Benchmark BTRFS vs. REISER4 vs. F2FS with compression

Introduction

This is Bonnie++ v1.04 against a PNY CS3040 500GB SSD (NVMe) powered by AMD Ryzen 9 5950X with the v5.16 Linux kernel + reiser4 patch, but with only 2GiB of RAM (as it’s a XEN dom0 host). Every test has been repeated 5 times (runs).

Type of IOPS refers to the Bonnie++ results column.

col 3,4   -- disk output char
col 5,6   -- disk output block
col 7,8   -- disk output rewrite
col 9,10  -- disk input char
col 11,12 -- disk input block

Results

fastest file-system without compression

First things first, let’s start with file-systems without compression.

overall performance (more is better) & cpu usage (less is better)

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==> not much difference but if you want a winner, that’s XFS

fastest compression method

Now what’s the most efficient algorithm whatever the file-system we are considering?

butterfs specific (performance & cpu usage)

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==> ZSTD (that’s level 3 by default) for performance

==> LZO for lazy cpu

reiser4 specific (performance & cpu usage)

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==> ZSTD for performance

==> GZIP for lazy cpu

fastest file-system per compression

lzo specific

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==> F2FS for performance

==> BUTTERFS for lazy cpu

zstd specific

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lz4 specific – only f2fs has lz4 hence we’re comparing against itself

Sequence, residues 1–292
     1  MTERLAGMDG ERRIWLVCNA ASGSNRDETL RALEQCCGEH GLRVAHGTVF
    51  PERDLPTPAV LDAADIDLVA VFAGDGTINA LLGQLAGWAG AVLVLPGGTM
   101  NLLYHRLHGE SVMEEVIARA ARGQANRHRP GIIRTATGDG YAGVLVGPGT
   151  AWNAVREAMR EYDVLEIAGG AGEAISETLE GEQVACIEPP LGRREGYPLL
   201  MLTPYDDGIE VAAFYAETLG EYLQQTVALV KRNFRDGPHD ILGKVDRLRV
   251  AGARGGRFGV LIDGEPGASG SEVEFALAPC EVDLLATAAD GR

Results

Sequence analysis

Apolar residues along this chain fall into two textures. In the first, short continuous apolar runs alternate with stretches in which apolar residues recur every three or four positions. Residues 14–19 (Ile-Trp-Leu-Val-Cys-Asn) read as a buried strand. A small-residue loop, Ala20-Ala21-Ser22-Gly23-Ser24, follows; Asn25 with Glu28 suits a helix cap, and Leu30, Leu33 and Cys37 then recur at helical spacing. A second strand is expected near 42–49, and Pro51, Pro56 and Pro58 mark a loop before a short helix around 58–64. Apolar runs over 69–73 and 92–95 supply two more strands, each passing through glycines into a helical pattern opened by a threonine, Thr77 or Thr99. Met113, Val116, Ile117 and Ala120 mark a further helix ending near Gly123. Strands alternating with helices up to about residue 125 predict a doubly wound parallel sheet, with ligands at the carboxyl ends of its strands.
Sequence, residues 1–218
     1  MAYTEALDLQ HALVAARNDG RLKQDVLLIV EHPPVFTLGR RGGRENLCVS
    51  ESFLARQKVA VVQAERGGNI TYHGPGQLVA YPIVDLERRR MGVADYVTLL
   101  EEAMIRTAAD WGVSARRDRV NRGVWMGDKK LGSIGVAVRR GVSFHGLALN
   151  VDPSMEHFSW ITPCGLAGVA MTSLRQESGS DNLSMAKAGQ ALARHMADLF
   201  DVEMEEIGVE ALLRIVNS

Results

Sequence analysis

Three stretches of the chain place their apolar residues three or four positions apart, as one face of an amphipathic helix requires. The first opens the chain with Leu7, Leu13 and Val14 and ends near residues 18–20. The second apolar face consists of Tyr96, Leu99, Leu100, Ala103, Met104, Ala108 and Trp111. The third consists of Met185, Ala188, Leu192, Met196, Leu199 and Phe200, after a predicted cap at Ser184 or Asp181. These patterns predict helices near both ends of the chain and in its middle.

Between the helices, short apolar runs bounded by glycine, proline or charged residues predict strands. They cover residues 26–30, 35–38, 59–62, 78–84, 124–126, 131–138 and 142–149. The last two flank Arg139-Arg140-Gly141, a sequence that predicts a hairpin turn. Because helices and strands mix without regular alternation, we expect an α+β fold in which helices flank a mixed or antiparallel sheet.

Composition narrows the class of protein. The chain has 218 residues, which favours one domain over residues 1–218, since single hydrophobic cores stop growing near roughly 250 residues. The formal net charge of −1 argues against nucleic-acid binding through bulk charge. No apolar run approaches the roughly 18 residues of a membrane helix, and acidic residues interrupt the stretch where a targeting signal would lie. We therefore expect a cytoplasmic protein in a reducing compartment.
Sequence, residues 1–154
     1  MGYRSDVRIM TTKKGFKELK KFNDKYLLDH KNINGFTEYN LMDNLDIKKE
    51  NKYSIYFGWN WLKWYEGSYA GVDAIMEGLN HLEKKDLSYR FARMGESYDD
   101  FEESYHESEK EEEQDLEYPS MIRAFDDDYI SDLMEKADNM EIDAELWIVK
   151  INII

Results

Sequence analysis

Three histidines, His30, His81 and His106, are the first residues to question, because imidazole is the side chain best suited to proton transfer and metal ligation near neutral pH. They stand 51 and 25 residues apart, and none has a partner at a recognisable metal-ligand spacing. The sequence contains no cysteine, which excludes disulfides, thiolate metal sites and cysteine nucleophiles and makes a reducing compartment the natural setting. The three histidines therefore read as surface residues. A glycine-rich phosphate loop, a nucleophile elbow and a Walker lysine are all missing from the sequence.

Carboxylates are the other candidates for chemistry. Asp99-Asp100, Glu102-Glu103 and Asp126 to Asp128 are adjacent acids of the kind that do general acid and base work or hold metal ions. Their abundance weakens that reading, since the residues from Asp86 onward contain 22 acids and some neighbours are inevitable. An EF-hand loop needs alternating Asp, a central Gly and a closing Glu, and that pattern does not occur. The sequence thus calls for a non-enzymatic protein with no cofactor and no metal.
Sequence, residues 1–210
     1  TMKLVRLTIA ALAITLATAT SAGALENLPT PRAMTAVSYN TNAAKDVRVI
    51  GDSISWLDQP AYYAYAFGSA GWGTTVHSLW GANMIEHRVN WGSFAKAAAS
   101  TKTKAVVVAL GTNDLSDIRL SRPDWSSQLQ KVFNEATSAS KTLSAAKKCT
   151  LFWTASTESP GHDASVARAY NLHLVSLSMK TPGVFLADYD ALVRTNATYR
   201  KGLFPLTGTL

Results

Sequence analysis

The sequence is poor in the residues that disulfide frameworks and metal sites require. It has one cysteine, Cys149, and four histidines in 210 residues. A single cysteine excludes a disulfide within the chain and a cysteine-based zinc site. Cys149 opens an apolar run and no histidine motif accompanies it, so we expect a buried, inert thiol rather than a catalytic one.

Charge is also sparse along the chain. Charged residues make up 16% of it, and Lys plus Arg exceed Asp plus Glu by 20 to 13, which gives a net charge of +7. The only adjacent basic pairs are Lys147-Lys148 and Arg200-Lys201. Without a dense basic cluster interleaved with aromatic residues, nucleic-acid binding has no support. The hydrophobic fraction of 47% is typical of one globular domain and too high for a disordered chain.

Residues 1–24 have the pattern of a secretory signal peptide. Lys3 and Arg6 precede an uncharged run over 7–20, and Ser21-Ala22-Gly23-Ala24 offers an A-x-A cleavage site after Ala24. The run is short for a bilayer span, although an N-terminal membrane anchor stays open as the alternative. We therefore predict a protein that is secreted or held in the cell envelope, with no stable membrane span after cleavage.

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Parameters used

We’re using a dedicated volume on an idling server that could be dedicated for benchmarking.

lvcreate --virtualsize=5G --thin -n bonnie thin/pool

The following options were used.

# RAM 1G
bonnie++ -u root -x 5 -r 1024 -m FS-KEYWORD-HERE -d /var/tmp/bonnie/

More details on file-system mount options: https://lab.nethence.com/fsbench/2022-10/ –> look for -features.txt and -mount-options.txt

The script for running the benchmark bulk: https://pub.nethence.com/bin/benchmarks/bonnie-auto.ksh.txt and its archived version.

The script for generating the graphs: https://pub.nethence.com/bin/benchmarks/bonnie-gnuplot-auto.ksh.txt and its archived version.

Tools' versions

e2fsprogs-1.46.5-x86_64-1
xfsprogs-5.13.0-x86_64-1
btrfs-progs-5.16-x86_64-1
reiser4progs-1.2.2-x86_64-1_SBo
f2fs-tools-1.14.0-x86_64-3

Conclusion

F2FS (log-structured for SSDs) seems to rock everything out including butterfs and reiser4.

It is interesting to note that when compression is enabled, read operations become slower than write operations although cpu usage is not high (resp. cols 9 11 vs. 2 5 7 on the left-hand graph). As a matter of fact, when reading, butterfs esp. LZO consumes even less cpu compared to casual file-systems (cols 8 10 12 on the right-hand graph).

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